Mar 8, 2018
Press Release

WASHINGTON, DC - Today, Rep. Rob Wittman (R-VA), Chairman of the House Armed Services Subcommittee on Seapower and Projection Forces, made the following remarks, as prepared for delivery, on the Subcommittee's joint hearing titled “Mobility and Transportation Command Posture.” For testimony and to watch the hearing click here.  

"I want to welcome General McDew and Admiral Buzby and thank them for the time and effort they have made on this most important issue.  I also want to thank Chairman Wilson for offering to have this joint subcommittee hearing today.  I believe that there are a number of overlapping issues with the Readiness Subcommittee and I look forward to working with the gentleman from South Carolina to move these issues through the NDAA markup process.

I think the Department of Defense needs to reassess its commitment to a core military competency: logistics.  At the heart of any successful campaign is a logistics train that provides the bullets and butter to the combatant forces in a timely manner.  While high-profile acquisition programs are prioritized, little-known capabilities are left to continue their operations with little funding.  It is obvious to me that we need to turn our attention to airlift and sealift elements of our military strategy and take immediate steps to improve our logistics capabilities.

Today, we have a surge sealift force that averages 42 years old.  Certain officials have referred to this sealift force as the last bastion of steam powered technology in the world.  In fact, by 2020, TRANSCOM will own almost all of the steam plant ships in the world.  This is not a moniker that I relish but it is a good example of the plight of our sealift forces.  While MARAD has done a good job of maintaining and activating select ready reserve force ships, the reality of a full activation of this aged fleet is at best circumspect.

I am equally perplexed that the military has not, to date, presumed attrition in their auxiliary forces requirements.  It is pretty obvious that we have overly optimized our forces for peace.  As envisioned by the National Defense Strategy, it is time that we shift our focus to getting ready for a future of potential conflict.  I look forward to General McDew's assessment as to the impacts of the National Defense Strategy on the mobility forces.  After meeting with General McDew last week, it is also my understanding that an updated report on auxiliary forces, to include attrition, will be complete this fall.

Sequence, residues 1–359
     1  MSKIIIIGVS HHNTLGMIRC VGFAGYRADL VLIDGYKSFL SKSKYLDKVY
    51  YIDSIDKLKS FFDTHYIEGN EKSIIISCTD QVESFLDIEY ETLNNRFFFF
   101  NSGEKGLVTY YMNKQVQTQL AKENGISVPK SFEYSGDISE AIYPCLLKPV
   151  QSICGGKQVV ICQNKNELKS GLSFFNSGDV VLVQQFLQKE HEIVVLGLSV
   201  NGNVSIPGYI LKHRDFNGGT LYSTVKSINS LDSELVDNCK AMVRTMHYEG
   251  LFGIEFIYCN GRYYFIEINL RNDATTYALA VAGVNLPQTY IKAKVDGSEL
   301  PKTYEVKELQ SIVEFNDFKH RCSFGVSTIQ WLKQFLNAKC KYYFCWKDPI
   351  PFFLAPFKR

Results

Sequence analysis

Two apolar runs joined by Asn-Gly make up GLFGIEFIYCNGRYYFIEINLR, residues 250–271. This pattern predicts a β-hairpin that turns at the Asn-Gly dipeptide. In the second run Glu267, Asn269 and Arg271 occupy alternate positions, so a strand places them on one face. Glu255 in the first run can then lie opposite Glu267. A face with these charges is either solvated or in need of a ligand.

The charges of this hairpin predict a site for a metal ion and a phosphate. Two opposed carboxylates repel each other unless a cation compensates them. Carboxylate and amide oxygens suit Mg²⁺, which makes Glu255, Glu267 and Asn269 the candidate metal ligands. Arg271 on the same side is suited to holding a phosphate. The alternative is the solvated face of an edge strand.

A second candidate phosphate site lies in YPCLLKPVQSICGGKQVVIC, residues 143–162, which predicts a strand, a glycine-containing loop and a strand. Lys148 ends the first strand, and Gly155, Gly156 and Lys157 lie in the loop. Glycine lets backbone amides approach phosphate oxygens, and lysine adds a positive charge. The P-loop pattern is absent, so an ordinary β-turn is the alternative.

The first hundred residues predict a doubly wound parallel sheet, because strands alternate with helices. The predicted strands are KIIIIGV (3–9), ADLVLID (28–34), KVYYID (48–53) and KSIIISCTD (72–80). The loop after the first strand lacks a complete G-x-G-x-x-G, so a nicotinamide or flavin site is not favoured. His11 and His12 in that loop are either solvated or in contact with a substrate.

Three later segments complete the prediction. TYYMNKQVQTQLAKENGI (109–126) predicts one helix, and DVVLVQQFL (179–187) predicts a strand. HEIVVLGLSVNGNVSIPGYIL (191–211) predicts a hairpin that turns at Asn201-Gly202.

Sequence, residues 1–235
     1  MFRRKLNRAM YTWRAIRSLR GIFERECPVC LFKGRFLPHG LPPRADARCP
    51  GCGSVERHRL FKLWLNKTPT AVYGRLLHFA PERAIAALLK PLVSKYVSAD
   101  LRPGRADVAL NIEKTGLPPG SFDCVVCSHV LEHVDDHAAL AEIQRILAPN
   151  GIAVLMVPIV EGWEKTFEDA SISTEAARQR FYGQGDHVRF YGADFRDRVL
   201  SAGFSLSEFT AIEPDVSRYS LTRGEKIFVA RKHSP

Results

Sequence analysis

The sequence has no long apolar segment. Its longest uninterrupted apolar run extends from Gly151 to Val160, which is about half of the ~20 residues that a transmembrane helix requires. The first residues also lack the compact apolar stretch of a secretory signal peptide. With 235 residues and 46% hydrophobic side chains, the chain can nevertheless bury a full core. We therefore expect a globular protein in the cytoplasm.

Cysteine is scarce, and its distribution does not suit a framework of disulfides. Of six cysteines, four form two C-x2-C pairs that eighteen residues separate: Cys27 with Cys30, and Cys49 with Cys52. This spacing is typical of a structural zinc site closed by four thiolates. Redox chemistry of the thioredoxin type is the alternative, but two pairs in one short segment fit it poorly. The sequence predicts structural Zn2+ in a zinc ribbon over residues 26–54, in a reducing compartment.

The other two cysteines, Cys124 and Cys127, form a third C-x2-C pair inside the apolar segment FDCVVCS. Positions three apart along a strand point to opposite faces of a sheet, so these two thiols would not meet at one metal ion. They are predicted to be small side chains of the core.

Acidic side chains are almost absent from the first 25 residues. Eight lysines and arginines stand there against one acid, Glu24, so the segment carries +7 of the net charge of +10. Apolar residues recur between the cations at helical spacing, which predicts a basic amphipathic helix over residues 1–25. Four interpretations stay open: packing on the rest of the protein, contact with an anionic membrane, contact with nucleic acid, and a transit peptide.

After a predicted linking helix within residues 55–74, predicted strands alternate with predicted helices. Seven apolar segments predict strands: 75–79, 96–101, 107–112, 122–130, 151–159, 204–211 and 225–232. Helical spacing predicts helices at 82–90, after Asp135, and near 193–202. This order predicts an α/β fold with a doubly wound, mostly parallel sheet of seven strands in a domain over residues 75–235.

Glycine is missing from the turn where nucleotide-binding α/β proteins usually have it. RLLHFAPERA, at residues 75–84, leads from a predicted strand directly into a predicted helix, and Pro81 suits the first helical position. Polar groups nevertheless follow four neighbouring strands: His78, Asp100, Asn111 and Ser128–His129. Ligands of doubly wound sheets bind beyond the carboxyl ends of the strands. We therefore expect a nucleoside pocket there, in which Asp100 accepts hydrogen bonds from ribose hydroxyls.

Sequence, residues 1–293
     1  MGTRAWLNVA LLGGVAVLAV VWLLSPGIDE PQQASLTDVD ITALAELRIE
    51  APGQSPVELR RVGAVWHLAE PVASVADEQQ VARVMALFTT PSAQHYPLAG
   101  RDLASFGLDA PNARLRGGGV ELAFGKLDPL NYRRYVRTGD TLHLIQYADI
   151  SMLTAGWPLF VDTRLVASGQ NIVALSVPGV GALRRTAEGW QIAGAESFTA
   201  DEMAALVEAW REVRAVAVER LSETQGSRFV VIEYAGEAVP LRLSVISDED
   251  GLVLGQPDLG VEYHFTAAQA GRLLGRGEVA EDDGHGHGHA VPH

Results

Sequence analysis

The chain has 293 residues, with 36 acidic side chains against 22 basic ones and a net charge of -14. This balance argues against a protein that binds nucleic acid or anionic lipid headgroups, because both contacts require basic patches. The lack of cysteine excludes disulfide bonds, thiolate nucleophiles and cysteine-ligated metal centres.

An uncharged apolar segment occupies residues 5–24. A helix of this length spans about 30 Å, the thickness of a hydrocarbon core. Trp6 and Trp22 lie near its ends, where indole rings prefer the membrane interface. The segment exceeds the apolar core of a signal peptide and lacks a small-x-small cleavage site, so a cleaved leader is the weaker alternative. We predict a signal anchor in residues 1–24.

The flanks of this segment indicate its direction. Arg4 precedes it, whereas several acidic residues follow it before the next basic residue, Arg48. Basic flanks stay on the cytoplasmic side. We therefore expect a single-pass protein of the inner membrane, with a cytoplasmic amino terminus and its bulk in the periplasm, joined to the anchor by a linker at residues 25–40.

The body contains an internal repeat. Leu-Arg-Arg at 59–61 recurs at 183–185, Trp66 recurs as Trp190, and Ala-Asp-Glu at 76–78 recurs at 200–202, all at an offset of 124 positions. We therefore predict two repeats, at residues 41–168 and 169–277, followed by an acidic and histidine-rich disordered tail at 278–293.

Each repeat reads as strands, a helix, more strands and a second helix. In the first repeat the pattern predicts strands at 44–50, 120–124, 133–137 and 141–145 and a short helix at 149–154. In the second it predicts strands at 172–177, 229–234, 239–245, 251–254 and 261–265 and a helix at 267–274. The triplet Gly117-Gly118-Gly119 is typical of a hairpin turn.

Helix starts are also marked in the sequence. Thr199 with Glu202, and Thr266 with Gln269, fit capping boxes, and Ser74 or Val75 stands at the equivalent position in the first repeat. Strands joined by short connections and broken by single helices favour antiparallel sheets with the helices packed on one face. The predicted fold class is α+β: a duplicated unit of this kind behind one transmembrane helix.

As to our strategic airlift capabilities, today we depend on a much smaller fleet to move cargo, personnel, to MEDEVAC the wounded, and to support disaster relief around the globe. For example, of the response to Hurricanes Maria and Irma last October left an insufficient strategic airlift capability available to move troops and cargo to Afghanistan in a timely manner-threatening the ability of the Department of Defense's ability to blunt Taliban territorial gains.

I am concerned that outdated planning assumptions need to be reviewed; I believe that assumptions made for the on-going Mobility Capability and Requirements must take into account the logistical needs of a future dispersed battlefield. Furthermore, the administration has made it clear that it wants to increase Army and Marine Corps force structure that will drive even greater mobility requirements.  Additionally, areas are becoming less permissive for civilian aviation operations to deliver these additional Soldiers and Marines to their areas of operation increasing the demands on an already insufficient fleet of strategic lift aircraft. Consequently, I believe it is critical for TRANSCOM to thoughtfully consider how best to increase strategic airlift capacity and its ability to operate in contested environments around the globe.   

At the conclusion of World War II, Fleet Admiral Ernest King reflected on our success and our shortcomings.  He indicated 'The war has been variously termed a war of production and a war of machines. Whatever else it is, so far as the United States is concerned, it is a war of logistics.' It is time that we reflect on Admiral King's assessment… an assessment that was paid with the blood and sweat of the greatest generation.  Today, we need to ensure that our logistics capability will provide the lift required and in a timely manner to support our military objectives.

I thank Chairman Wilson for working with the Seapower and Projection Forces Subcommittee on this important issue and I yield back the balance of time."